Amid the coronavirus pandemic and extensive discussions around the impact on the global healthcare industry, Echo Chamber Escape reached out to Dr Kudzai Kanhutu, an infectious diseases physician, telehealth Clinical lead and Deputy Medical Information Officer at the Royal Melbourne Hospital.
In this interview, Dr Kudzai shares her career journey, how her passion for the field has evolved over time and why “the world needs you” if you’re considering a career in infectious diseases.
- What first instigated your interest in infectious diseases? How has you interest and passion for the field evolved since then?
I have always been motivated by the ability of good healthcare systems to restore equity. Infectious diseases lends itself really well to achieving meaningful social justice goals. From vaccination through to providing fresh water and basic sanitation to populations. Everything we do in infectious diseases is ultimately community and population minded as opposed to being narrowly focussed on the “patient” or “consumer”.
At first I thought I would end up treating weird and wonderful infections on some tropical outpost. Not so much in practice! Which is not to say there isn’t buckets to do. From managing post surgical infections, dealing with a gastro outbreak in a nursing home or refugee health immunisations. My passion and interest in infectious diseases has really only expanded to become even more esoteric.
- What excites you most about the infectious disease and biotechnology sectors? What do others entering the industry have to look forward to?
Infectious diseases is an incredibly holistic field that encompasses the full spectrum of STEAM (Science, Technology, Engineering, Arts and Mathematics). I am insatiably curious about how things work and infectious diseases allows you to indulge that spirit of adventure.
Working at the intersection of biotech and infectious diseases you are always at the frontier of innovation and some truly extraordinary discoveries. The way that we are using big data and digital platforms to strengthen our approach to the pandemic is extraordinary. From identifying the virus, developing rapid test kits, tracking disease spread and vaccine developments.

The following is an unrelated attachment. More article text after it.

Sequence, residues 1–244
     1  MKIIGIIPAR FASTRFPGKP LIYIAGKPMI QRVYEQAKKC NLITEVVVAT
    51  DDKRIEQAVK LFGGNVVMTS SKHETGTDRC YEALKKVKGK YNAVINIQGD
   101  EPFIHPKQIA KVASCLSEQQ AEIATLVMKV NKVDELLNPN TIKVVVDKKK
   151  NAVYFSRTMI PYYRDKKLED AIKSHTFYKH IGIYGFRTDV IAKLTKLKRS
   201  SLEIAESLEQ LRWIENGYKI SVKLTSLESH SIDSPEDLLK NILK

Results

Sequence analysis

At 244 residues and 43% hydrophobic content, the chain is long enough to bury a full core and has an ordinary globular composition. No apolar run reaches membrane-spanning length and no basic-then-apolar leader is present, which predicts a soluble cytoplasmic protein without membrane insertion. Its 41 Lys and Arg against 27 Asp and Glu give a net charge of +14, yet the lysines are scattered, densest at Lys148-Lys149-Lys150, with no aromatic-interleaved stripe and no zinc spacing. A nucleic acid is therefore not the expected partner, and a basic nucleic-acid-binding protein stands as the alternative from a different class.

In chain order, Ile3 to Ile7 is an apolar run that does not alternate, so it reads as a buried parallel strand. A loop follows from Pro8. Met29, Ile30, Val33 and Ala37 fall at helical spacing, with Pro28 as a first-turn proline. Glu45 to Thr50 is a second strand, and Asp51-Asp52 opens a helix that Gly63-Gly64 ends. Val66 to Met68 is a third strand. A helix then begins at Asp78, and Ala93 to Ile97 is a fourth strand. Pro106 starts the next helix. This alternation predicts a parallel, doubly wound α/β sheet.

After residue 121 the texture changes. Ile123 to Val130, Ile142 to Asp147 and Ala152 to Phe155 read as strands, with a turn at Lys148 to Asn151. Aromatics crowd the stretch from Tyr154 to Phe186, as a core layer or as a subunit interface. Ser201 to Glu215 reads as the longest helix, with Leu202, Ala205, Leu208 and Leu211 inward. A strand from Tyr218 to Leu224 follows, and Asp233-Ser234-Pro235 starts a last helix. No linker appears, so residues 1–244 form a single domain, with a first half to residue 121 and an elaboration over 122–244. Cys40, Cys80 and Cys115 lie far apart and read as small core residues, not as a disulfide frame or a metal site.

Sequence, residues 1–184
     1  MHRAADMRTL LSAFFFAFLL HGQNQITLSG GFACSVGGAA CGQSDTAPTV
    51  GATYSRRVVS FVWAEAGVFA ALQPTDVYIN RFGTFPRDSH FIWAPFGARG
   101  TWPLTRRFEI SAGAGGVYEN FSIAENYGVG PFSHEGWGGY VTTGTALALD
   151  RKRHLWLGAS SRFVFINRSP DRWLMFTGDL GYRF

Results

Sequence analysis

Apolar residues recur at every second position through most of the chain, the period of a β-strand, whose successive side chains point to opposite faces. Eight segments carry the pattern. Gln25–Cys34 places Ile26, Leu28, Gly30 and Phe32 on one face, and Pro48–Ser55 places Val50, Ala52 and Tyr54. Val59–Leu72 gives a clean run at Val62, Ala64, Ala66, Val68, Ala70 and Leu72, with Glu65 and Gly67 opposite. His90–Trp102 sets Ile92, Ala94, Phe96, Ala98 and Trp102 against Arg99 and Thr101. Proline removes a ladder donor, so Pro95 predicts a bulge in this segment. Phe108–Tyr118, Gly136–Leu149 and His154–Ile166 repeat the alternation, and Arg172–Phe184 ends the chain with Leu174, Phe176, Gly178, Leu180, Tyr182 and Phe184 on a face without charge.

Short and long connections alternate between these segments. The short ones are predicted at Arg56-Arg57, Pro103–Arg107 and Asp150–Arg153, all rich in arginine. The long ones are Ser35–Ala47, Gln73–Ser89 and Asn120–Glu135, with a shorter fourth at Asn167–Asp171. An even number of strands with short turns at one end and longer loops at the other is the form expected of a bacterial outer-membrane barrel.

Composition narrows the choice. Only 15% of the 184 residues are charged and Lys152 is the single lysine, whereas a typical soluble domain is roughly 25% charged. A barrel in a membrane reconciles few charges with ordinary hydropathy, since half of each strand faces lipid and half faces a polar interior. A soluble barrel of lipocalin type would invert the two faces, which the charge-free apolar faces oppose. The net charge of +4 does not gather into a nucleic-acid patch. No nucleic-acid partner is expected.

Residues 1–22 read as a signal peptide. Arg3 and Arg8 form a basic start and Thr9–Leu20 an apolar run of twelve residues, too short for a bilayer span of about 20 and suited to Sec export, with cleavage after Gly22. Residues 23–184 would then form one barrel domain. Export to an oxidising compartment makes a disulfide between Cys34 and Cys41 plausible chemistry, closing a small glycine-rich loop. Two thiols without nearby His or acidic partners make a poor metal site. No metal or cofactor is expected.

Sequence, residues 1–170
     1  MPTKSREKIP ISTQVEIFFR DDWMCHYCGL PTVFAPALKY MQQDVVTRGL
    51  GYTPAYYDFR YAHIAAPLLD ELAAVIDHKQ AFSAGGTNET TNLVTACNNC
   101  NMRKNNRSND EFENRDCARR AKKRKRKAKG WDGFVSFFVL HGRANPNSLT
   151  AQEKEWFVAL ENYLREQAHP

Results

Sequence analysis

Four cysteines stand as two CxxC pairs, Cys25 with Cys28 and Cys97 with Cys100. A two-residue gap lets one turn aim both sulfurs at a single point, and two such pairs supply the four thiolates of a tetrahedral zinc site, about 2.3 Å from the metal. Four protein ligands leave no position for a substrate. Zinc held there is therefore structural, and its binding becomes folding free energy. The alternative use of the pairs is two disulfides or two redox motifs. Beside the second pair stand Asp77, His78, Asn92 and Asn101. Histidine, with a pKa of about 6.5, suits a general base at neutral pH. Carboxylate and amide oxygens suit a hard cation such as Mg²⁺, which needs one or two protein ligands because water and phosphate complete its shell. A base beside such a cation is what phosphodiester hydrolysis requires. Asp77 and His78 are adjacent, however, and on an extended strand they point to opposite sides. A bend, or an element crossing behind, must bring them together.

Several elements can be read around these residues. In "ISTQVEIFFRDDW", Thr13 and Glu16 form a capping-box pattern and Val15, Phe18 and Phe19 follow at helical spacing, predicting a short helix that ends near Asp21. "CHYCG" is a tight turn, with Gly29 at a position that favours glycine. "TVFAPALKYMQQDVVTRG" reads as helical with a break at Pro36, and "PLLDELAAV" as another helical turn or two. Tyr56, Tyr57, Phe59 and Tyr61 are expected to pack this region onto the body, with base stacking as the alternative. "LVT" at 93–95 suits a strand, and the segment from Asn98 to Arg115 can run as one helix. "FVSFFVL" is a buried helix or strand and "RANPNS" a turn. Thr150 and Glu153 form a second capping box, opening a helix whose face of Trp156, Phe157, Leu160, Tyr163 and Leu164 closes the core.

- “COVID-19 has heightened people’s awareness of the importance of the involvement of doctors, medical professionals, and biotechnology experts in impacting and contributing to public policy.” – Do you agree with this statement? Why or why not? What are your reflections on this topic?
I agree to an extent. The general public have always been very open to doctors being involved in public policy decisions. We often rank as the most trusted profession, with politicians as we know ranking very poorly! However, from within the medical fraternity we often have an ambivalent relationship with politics and advocacy. There has been a tendency in the past to focus on our neutrality and the patient facing aspects of care rather than the broader socioeconomic context. I think the Covid-19 pandemic has highlighted the need for us to be more deeply ensconced in directing the narrative and decisions around resource utilisation and healthcare planning.
- For people currently undertaking short courses or tertiary studies in infectious diseases, what is your advice to ensuring a rewarding and successful career in this sector?
Be very open to using your skills flexibly. Over the years I have done locums in the private sector, worked in call centres and sexual health clinics. Don’t allow your course to narrow your possibilities. Always be purposeful about broadening your horizons. The world needs you!
About the expert
Dr Kudzai Kanhutu MBBS (Hons); BA/BSc; MPH; FRACP is an infectious diseases physician, telehealth Clinical lead and Deputy Medical Information Officer at the Royal Melbourne Hospital. A self-confessed health tech nerd she is a current board member for the Health Informatics Society Australia and clinical reference lead for the Australian Digital Health Agency.
Her desire to apply technical solutions to health problems arose from her professional and personal experiences of health inequality in her birth country Zimbabwe and working in rural and regional Australia.
In 2017 she was jointly awarded the Victorian Public Healthcare award for excellence in Culturally and Linguistically Diverse care in 2017. This award acknowledged clinical innovation through the development and implementation of a purpose-built electronic health record as well as a telehealth model of care for remote management of refugee patients.
Kudzai’s current research undertakings are in the areas of virtual care, digital literacy and the impact of housing stress on refugee health outcomes.
Outside of work Kudzai enjoys a number of eclectic pursuits. As the reigning Kensington Primary School parents’ dance off champion, she is equally comfortable in the forward pocket doing goal kicking practice with her kids as she is fronting an academic conference keynote.